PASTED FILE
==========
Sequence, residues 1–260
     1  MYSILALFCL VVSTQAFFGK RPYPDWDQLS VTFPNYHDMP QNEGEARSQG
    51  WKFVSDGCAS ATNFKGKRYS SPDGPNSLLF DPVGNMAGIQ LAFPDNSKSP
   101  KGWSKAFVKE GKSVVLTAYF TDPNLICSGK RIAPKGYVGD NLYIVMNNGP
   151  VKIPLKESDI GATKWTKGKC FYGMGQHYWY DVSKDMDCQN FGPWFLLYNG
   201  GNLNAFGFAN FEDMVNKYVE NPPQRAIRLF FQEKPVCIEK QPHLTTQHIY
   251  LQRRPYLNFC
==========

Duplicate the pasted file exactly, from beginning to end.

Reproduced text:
Sequence, residues 1–260
     1  MYSILALFCL VVSTQAFFGK RPYPDWDQLS VTFPNYHDMP QNEGEARSQG
    51  WKFVSDGCAS ATNFKGKRYS SPDGPNSLLF DPVGNMAGIQ LAFPDNSKSP
   101  KGWSKAFVKE GKSVVLTAYF TDPNLICSGK RIAPKGYVGD NLYIVMNNGP
   151  VKIPLKESDI GATKWTKGKC FYGMGQHYWY DVSKDMDCQN FGPWFLLYNG
   201  GNLNAFGFAN FEDMVNKYVE NPPQRAIRLF FQEKPVCIEK QPHLTTQHIY
   251  LQRRPYLNFC